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Why Political Power Distribution Escalated Anglophone Crisis in Cameroon?

Today, Cameroon is one of the most linguistically and ethnically heterogeneous countries in Africa. The colonial languages of French and English came to serve as lingua Franca, and the country’s ethnic units aligned according to a French-English cleavage.

The English speakers compose 17 percent of the population and inhabit two of the country’s 10 administrative divisions, the Northwest and Southwest Regions. Cameroon refers to its major administrative units, akin to provinces, as “Regions.” Germany originally colonized Cameroon, but it lost this territory to the French and the British after the end of World War I. In 1916, Cameroon was divided between France, which assumed control over most of the territory, and Great Britain, which took the western region. The French colony of Cameroon gained independence in the 1960s and formed the Republic of Cameroon.

On 1 January 1960, the French colony of Cameroun gained independence and became Cameroon. While Nigeria gained independence from the UK on 1 October 1960. The UK also controlled the former German colony of Cameroon. At independence, its citizens were given a choice of joining either Nigeria or Cameroon. Southern Cameroonians opted to unite with Cameroon, while Northern Cameroon joined Nigeria. This represents some 20% of Cameroon’s population, but only 10% of its land area.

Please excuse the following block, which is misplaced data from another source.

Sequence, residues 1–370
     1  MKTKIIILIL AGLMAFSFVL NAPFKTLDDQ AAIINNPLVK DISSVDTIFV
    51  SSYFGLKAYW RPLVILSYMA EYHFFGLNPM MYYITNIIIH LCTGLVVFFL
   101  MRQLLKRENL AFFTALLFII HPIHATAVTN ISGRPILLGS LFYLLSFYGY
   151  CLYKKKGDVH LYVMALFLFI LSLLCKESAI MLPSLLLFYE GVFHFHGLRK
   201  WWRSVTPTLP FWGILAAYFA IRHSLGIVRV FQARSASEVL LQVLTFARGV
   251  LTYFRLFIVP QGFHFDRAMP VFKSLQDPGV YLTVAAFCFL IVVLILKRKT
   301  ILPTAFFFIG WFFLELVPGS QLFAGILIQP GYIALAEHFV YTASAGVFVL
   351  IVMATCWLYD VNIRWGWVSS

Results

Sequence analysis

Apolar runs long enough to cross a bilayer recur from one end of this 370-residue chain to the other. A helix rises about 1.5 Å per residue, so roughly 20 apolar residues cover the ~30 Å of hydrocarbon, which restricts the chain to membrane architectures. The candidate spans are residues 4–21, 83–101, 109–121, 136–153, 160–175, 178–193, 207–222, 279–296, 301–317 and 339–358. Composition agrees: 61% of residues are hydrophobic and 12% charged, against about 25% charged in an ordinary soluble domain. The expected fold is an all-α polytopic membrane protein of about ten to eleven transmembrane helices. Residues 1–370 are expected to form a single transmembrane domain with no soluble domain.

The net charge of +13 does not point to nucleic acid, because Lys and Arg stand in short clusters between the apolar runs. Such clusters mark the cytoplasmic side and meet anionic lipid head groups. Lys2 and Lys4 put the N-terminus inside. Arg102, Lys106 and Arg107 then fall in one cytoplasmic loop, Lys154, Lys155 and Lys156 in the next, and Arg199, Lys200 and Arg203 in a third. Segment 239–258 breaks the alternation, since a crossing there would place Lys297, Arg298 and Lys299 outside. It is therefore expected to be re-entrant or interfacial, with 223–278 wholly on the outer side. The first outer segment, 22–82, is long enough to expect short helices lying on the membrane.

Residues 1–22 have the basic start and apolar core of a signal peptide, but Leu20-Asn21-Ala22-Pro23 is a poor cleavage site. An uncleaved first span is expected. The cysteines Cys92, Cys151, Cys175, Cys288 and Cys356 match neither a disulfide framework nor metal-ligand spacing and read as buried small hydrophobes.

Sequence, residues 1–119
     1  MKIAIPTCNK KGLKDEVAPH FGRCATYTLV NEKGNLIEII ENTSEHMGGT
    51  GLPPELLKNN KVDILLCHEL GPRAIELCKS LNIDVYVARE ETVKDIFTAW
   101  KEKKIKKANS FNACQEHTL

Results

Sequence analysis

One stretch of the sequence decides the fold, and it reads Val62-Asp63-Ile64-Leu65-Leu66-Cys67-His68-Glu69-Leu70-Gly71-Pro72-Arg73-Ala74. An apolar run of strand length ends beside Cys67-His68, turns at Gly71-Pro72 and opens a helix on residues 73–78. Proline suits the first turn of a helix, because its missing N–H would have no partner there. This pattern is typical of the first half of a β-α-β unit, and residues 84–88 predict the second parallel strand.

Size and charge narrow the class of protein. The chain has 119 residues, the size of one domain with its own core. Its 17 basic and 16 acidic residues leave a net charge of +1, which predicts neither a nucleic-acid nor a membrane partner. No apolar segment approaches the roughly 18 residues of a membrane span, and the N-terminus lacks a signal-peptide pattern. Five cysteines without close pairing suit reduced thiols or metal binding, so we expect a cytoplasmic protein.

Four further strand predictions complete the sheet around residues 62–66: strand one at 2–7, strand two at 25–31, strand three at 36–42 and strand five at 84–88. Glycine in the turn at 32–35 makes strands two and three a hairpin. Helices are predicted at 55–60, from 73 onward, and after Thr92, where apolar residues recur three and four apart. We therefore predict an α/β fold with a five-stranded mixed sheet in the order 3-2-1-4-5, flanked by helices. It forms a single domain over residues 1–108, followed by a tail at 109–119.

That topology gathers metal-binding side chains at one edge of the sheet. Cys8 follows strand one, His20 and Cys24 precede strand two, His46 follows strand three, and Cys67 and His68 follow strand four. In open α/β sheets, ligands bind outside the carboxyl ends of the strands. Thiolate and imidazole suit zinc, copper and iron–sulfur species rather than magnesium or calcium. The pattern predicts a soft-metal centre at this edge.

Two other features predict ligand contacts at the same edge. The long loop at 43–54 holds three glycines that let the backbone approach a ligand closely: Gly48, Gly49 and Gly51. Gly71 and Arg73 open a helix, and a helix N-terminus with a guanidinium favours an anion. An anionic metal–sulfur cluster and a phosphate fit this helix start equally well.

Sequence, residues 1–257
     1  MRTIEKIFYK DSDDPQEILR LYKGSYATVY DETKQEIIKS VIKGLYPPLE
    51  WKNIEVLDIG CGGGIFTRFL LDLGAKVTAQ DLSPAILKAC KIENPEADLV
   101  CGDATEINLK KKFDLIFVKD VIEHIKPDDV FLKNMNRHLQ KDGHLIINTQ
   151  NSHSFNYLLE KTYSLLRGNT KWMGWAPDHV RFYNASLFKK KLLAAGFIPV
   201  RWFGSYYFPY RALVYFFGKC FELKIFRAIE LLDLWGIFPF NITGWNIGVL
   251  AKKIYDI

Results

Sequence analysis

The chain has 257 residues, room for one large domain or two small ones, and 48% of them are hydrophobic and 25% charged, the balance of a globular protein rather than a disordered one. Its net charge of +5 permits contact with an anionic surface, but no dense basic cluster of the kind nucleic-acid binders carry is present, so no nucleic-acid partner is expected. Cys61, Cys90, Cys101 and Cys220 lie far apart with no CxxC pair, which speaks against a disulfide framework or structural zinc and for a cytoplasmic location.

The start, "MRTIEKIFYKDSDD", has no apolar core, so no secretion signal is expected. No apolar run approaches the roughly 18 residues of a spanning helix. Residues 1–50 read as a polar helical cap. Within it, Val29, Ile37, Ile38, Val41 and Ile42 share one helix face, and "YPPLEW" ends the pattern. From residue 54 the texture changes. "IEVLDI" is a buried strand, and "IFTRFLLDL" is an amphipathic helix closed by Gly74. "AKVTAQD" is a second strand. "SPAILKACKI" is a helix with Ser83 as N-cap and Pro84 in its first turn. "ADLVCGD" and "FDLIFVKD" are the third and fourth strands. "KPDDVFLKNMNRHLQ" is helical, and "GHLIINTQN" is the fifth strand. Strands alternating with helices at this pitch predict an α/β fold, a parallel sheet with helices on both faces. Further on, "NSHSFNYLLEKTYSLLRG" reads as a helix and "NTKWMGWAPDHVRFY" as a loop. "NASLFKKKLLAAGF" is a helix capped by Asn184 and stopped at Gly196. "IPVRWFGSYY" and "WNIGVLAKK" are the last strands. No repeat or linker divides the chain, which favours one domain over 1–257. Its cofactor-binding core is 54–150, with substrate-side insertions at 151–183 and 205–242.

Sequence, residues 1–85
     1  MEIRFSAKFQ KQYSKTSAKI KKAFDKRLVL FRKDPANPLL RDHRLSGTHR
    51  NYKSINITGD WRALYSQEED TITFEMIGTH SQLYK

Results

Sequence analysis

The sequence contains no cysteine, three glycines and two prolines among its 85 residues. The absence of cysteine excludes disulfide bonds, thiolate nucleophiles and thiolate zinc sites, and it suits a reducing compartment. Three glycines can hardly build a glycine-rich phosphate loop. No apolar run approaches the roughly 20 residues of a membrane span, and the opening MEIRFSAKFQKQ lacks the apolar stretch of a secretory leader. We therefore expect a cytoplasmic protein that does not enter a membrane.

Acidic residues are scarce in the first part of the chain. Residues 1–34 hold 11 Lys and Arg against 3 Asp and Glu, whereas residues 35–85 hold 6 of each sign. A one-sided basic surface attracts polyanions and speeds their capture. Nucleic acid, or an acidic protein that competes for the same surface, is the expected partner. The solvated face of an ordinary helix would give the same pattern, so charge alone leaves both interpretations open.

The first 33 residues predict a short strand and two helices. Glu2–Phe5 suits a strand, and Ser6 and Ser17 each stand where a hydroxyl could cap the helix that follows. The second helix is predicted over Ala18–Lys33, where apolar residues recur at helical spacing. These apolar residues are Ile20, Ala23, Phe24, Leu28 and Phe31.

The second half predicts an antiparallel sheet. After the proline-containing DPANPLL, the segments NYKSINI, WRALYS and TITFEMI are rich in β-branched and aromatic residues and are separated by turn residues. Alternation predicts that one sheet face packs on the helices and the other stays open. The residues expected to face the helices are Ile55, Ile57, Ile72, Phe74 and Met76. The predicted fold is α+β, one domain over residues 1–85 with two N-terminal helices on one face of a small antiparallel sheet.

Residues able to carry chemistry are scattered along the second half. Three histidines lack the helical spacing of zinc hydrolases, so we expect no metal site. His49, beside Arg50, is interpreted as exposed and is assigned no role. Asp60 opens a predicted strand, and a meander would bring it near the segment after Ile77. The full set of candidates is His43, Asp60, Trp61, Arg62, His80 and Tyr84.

Imbalance disparities

In 1972, another, equally controversial referendum was held, leading to Cameroon changing from a federal to a unitary state. That led to the suppression of regional institutions in the Anglophone area and the multi-party system. People from the former Southern Cameroon felt betrayed, following which support for groups opposed to the ruling Cameroon People’s Democratic Movement spiked.

The struggle as well was not only between the Francophone and Anglophone but also between the Anglophone and their elite who enjoyed juice positions in the government and were not ready to resign from their positions. They were enablers: the government used them to crush their own people. They always would preach anti-struggle campaign and would bring other Francophone authorities to fight against their people. Each time they visited the Anglophone zone, there was always a battle between them and their people. The elite wanted to maintain the status quo, while the general population wanted a change.

Over the years, appeals have been made to the United Nations for help. It is also a member of the Unrepresented Nations and Peoples Organisation. For years, it had been a stronghold of the centre-left, federalist Social Democratic Front. Since 2015, however, independence groups have been growing in strength. The repression of independence supporters mirrors growing persecution of opposition parties in general, perhaps linked to growing doubts about what is to come once 86-year-old Paul Biya is no longer in power.

Cameroon’s anglophone minority has often complained that the regime discriminates by denying English speakers government jobs and access to official documents published in their language. Moreover, English-speaking regions contain valuable petroleum and natural gas resources whose benefits are not made available to local populations. The situation in the country is also complicated by the presence of Boko Haram near the border with its Nigerian heartland.